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Re: Wild M8
Posted: Fri Feb 15, 2019 9:52 pm
In my comparisons, I found them similar to the Olympus SZH although smaller FOV. The Olympus SZH had an na of about 0.084 so with the Wild scopes placing between 0.07 and 1.0 depending on how how you evaluate them my observations make more sense, although I had no NA data for the Wilds until now. For me the Wild stereoscopes are kind of like the old muscle cars from the 60's. Despite the fact their performance has been eclipsed by more modern scopes people seem to reluctant to accept that. Wild stereoscopes were and still are incredible scopes, but the market pricing often puts them above scopes that are superior in terms of optical performance.
Re: Wild M8
Posted: Sat Feb 16, 2019 5:47 pm
einman wrote:... Wild stereoscopes were and still are incredible scopes, but the market pricing often puts them above scopes that are superior in terms of optical performance.
I would agree with that assessment and add that it was arguably true even in Wild's heyday. My father was quite impressed by the Wild M5 he used as a graduate student. In the mid-1980s, he needed a versatile, high-end, "routine" stereo microscope for his investigative, materials science consultancy, a microscope that was also good for photomacrography, both still and video. He sent a detailed request to each of the big four microscope makers, had them come by with their wares, and gave their microscopes a thorough workout. (One of the salesmen recognized my father had been a geologist, remarking, that among his customers, the geologists were the only ones who really understood microscopes!)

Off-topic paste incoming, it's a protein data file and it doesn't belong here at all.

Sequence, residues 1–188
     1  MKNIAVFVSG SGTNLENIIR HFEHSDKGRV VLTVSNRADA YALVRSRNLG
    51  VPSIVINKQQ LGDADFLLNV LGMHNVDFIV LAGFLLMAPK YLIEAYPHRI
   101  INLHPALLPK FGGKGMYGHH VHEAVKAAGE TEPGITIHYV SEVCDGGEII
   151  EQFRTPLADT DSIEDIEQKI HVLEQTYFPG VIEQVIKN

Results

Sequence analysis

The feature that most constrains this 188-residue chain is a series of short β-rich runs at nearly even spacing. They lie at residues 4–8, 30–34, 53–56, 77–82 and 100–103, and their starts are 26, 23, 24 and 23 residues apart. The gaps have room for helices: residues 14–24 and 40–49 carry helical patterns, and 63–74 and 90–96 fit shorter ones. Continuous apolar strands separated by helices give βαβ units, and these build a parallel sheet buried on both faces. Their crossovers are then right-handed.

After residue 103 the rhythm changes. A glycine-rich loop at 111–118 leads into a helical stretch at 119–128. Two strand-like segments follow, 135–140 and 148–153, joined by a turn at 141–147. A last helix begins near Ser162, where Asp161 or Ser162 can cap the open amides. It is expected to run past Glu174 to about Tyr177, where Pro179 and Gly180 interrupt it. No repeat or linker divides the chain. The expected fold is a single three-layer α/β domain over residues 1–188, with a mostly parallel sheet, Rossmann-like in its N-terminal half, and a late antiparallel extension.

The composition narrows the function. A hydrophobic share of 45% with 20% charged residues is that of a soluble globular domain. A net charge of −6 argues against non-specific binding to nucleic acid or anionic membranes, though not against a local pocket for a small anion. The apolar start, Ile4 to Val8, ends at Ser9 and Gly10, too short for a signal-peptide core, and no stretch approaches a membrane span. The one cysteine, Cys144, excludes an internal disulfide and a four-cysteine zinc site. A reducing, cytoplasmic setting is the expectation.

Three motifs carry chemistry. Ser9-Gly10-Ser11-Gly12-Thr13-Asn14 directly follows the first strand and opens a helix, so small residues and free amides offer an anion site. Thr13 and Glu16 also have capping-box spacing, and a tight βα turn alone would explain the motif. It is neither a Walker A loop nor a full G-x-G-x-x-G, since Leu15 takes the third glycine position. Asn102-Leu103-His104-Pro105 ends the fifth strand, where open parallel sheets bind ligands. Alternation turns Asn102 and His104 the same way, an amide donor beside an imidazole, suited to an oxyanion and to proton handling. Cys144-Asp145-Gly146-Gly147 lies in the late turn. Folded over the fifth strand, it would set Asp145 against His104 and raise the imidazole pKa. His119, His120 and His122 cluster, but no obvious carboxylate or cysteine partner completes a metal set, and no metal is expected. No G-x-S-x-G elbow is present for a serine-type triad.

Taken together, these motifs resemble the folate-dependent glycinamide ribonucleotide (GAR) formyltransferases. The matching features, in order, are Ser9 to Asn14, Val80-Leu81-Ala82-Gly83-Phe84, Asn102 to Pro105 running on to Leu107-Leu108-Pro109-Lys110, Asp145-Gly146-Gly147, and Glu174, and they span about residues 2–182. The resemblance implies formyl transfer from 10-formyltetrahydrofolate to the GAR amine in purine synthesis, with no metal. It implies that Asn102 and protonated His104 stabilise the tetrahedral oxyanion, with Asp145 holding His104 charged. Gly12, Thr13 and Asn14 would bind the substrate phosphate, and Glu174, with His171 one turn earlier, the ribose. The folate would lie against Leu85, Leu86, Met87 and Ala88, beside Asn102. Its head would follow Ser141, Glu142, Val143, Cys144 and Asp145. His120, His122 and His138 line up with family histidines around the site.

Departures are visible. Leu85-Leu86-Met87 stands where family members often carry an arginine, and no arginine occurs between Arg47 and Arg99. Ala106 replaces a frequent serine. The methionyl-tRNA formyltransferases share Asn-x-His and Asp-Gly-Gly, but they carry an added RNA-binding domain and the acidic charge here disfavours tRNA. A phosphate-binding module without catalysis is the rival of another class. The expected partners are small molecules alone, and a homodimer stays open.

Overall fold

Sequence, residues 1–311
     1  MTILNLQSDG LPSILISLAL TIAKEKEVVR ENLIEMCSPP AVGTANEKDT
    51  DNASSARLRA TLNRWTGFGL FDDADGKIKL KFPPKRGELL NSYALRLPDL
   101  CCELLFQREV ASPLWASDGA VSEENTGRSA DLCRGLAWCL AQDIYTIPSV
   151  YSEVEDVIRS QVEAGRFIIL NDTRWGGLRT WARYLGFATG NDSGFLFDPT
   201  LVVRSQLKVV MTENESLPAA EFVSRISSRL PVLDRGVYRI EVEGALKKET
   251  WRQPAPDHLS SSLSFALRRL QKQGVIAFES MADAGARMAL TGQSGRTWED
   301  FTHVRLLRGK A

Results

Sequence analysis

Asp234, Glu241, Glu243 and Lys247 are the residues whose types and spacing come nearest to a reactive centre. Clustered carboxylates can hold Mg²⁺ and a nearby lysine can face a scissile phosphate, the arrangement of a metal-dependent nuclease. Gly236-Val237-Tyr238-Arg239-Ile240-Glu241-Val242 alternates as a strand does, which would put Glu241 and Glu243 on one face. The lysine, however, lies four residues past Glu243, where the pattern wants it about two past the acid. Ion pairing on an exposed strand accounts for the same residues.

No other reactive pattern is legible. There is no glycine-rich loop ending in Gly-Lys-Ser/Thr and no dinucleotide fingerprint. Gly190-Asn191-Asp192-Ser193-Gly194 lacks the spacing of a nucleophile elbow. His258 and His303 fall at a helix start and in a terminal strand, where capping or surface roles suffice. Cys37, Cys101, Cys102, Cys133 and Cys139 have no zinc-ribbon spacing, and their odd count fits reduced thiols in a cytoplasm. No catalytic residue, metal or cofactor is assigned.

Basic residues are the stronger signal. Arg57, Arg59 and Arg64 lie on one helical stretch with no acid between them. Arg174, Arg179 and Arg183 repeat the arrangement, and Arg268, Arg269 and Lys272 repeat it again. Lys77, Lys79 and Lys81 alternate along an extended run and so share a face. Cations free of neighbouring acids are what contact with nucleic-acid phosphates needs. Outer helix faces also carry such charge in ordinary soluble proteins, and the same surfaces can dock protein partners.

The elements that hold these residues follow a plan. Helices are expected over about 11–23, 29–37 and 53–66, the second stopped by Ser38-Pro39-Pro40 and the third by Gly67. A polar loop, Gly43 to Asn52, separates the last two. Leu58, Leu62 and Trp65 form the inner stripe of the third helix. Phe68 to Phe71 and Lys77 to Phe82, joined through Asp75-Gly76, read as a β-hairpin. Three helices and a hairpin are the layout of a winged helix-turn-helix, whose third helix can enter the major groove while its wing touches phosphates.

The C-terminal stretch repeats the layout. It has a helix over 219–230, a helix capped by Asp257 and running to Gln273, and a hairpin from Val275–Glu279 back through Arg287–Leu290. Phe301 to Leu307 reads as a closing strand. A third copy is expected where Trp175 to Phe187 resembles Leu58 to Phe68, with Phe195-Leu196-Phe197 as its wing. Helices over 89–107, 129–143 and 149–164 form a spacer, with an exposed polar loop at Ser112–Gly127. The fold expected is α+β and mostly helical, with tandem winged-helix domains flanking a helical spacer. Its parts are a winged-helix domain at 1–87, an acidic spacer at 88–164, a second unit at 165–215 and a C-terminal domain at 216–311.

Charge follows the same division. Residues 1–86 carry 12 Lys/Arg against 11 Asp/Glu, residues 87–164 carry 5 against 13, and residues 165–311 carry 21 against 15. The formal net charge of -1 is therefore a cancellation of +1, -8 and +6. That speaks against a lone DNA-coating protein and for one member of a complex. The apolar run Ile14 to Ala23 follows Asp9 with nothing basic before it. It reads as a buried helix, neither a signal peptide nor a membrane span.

My father found Zeiss had, easily, the best optics but was also, easily, the most expensive. Nikon had the next best, then Wild and finally Olympus. I believe he tested a Wild M3Z, but I will ask him if still remembers. He bought a well equipped, Nikon SMZ-2T which he used a lot and which served him well for the next 25 years. I will probably end up with it some day.